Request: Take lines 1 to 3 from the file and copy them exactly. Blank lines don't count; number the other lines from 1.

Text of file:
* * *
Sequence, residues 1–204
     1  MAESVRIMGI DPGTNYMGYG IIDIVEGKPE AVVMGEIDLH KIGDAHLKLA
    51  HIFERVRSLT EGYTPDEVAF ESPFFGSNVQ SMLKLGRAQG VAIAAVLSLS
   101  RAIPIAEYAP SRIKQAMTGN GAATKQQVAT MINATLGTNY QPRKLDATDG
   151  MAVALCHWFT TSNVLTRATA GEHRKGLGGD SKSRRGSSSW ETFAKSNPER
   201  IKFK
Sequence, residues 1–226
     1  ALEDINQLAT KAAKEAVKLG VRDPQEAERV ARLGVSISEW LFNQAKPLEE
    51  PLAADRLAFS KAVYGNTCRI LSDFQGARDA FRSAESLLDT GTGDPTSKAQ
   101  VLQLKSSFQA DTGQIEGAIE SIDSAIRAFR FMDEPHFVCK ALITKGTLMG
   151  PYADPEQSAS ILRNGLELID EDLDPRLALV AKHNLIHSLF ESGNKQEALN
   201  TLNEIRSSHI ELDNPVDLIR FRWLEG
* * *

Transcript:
Sequence, residues 1–204
     1  MAESVRIMGI DPGTNYMGYG IIDIVEGKPE AVVMGEIDLH KIGDAHLKLA
    51  HIFERVRSLT EGYTPDEVAF ESPFFGSNVQ SMLKLGRAQG VAIAAVLSLS